Less than three weeks ago the party presented a joint budget proposal with the Green and Left parties, including a proposal to re-introduce property taxes, abolished by the Alliance government.
“We lose a redistributive policy tool but on the other hand we don’t create a great deal of concern among the people,” Östros told the Dagens Nyheter daily in stating his opposition to the unpopular tax.
Thomas Östros’ shift in position on property tax came as no surprise to political science professor and Social Democrat Ulf Bjereld.
Bjereld explained that the Red-Green cooperation has, at least temporarily, been dissolved, all are free to revisit their positions on past agreements.
A further example of this was a recent opinion article penned by Östros in which he positioned himself more towards the political middle ground than the budget agreement published by the Red-Greens.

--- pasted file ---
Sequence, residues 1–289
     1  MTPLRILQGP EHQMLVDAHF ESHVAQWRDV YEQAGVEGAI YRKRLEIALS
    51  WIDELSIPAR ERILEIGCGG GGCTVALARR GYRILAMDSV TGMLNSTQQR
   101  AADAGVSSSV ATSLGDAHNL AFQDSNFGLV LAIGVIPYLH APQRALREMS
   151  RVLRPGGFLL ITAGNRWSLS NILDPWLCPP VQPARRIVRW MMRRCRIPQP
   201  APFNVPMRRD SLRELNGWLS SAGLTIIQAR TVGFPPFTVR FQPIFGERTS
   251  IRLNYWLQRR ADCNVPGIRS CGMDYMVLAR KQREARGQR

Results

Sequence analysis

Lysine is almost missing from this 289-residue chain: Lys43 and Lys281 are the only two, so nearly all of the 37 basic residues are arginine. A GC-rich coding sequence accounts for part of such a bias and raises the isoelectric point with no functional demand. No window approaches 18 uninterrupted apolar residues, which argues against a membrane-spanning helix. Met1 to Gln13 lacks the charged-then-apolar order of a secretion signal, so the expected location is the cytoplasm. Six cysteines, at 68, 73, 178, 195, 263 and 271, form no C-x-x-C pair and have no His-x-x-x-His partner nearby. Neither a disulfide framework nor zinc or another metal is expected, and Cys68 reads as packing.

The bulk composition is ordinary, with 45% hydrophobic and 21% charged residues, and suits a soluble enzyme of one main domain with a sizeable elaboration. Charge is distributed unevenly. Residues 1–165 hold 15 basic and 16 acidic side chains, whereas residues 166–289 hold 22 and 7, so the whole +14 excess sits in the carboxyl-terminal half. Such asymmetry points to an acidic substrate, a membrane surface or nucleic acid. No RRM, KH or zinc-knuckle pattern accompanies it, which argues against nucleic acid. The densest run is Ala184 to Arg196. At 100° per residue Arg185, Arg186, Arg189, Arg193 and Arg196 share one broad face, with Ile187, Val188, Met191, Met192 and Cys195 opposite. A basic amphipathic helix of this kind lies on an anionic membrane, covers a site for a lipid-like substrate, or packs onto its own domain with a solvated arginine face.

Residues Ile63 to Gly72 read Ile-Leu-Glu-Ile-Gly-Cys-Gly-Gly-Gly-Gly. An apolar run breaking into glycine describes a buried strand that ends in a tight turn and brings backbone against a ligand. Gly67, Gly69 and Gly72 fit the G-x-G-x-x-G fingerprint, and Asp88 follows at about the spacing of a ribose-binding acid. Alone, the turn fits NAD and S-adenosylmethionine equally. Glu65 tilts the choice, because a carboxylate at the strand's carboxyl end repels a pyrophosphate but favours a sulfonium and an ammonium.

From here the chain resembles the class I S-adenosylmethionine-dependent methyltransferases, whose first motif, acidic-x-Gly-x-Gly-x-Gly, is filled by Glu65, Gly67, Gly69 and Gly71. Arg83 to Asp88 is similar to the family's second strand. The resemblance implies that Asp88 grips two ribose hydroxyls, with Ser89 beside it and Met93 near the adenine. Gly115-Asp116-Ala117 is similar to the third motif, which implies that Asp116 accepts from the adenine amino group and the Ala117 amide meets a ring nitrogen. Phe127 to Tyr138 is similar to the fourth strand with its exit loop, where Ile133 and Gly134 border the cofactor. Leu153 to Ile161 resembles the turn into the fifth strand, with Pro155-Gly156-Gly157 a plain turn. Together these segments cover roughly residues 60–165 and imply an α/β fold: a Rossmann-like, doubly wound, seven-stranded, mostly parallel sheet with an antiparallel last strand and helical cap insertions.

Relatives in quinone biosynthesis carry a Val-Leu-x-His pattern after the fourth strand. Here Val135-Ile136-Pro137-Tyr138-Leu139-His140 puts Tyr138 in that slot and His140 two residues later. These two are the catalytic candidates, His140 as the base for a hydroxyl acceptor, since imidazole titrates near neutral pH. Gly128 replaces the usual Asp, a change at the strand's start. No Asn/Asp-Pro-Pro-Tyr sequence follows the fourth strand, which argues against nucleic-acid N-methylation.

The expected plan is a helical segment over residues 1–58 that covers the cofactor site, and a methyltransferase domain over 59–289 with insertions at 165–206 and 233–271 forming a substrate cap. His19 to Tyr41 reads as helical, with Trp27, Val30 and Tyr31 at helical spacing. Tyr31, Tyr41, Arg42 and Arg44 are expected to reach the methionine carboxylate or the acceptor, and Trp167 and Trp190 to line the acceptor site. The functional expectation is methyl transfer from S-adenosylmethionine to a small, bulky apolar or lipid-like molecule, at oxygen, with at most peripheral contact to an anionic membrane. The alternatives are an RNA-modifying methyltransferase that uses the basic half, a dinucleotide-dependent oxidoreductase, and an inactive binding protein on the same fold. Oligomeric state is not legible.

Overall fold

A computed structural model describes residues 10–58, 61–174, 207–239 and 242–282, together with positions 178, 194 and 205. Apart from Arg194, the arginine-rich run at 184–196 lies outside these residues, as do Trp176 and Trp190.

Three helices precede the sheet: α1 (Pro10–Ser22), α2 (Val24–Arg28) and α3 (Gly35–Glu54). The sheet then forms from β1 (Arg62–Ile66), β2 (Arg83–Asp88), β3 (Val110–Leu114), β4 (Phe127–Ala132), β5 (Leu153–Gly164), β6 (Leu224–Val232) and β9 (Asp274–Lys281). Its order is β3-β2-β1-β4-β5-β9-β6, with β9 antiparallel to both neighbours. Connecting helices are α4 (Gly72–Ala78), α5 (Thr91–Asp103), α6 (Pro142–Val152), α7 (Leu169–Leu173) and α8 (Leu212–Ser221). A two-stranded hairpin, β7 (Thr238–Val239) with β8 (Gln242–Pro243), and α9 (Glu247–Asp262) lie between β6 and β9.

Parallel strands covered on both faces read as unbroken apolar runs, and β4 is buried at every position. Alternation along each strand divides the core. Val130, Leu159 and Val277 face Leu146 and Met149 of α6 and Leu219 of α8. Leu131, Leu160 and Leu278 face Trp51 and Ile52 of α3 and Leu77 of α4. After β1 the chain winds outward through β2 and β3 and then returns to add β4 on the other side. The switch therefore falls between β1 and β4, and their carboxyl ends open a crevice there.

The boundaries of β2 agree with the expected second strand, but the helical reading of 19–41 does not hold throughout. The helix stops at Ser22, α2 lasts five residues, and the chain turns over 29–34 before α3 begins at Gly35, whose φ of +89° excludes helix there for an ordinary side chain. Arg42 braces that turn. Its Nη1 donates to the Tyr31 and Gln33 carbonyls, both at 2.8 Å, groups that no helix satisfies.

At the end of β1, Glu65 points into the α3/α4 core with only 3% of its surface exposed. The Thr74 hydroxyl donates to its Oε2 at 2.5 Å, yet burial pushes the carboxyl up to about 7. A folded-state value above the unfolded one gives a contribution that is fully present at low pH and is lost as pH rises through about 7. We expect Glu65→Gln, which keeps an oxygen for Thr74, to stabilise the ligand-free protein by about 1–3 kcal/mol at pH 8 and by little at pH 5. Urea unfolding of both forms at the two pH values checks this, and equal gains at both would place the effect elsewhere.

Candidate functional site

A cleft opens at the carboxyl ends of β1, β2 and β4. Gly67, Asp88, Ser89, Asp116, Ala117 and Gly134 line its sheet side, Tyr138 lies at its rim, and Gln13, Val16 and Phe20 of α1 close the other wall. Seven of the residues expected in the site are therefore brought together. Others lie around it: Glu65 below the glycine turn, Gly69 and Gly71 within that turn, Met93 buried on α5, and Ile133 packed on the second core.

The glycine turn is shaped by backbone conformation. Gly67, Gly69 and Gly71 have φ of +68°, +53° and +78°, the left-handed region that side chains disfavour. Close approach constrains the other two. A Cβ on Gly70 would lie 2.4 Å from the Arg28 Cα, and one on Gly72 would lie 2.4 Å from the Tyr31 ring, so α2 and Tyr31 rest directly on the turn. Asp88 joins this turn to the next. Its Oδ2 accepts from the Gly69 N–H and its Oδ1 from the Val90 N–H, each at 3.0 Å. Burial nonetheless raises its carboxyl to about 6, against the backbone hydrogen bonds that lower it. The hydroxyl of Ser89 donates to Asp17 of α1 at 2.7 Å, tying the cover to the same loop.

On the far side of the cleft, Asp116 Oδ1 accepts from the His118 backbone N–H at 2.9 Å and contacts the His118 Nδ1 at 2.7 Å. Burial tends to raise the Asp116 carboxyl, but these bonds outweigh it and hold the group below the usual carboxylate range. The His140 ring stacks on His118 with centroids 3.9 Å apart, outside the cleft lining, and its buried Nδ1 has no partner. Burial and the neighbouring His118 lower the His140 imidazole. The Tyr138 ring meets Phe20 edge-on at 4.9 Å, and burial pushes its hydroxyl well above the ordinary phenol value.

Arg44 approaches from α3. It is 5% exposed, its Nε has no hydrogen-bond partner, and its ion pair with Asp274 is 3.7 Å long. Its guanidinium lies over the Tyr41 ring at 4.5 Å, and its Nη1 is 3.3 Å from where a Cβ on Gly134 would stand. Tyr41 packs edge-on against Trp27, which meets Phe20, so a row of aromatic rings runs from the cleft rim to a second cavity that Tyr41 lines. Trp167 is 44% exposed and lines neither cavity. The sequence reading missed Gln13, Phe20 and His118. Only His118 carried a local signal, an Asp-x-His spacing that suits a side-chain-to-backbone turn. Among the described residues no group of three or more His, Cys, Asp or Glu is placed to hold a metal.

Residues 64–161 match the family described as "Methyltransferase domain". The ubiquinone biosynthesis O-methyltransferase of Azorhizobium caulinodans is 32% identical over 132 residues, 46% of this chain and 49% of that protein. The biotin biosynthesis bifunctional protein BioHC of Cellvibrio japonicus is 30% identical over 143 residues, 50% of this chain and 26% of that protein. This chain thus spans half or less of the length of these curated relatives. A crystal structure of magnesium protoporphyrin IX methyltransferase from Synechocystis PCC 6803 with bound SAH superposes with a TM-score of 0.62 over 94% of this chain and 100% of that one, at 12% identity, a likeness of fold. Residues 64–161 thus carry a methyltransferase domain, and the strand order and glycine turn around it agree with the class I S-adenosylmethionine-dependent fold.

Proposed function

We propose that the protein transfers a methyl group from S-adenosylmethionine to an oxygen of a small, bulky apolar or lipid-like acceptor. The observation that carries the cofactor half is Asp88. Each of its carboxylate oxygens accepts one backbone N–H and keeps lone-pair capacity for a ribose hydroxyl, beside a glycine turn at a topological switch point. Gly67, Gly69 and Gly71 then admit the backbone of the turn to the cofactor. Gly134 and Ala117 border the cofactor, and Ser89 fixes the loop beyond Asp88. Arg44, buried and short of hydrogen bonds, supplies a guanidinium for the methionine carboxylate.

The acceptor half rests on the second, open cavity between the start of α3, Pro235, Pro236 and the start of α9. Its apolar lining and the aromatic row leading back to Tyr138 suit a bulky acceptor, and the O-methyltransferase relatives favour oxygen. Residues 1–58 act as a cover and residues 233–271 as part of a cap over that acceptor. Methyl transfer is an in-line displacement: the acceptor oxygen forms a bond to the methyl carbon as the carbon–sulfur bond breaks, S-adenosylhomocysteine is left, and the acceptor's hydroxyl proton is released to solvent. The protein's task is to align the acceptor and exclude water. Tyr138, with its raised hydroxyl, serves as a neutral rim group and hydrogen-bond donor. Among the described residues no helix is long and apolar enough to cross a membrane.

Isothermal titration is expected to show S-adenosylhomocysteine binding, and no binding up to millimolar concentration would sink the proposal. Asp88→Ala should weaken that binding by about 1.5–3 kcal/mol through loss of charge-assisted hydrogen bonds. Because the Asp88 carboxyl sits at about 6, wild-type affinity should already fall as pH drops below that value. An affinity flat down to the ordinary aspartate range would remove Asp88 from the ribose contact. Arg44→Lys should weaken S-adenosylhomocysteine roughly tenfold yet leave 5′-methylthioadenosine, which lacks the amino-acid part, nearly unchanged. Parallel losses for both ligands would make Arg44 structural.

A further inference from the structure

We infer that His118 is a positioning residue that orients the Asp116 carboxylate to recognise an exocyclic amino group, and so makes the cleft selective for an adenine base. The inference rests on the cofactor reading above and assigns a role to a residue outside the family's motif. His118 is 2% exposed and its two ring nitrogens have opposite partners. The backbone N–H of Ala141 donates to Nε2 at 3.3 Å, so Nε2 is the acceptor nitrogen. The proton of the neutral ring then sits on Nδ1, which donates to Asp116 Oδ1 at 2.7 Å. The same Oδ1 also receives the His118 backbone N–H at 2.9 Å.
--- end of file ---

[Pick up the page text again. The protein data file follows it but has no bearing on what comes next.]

“I do not think it is surprising but is a natural consequence and a reinforcement of this position,” Bjereld said.
“The Left Party will be the one who find this the greatest betrayal. But they are already smarting after the Afghanistan agreement. So it will probably be more of a sigh of resignation than anger from that direction,” Bjereld said, regarding the Left Party’s decision to exclude itself from cross-party talks over the Swedish troops stationed in Afghanistan.
Ulla Andersson, economic policy spokesperson for the Left Party, argued that Thomas Östros expressed his personal opinion and not the party.
“I assume that what our parties have agreed in the budget, is what matters,” she said.
“The Social Democrats can continue with their discussions and we shall have to see what they come up with. I hope that it will not be a copy of the Alliance’s policies,” said Ulla Andersson to the TT news agency.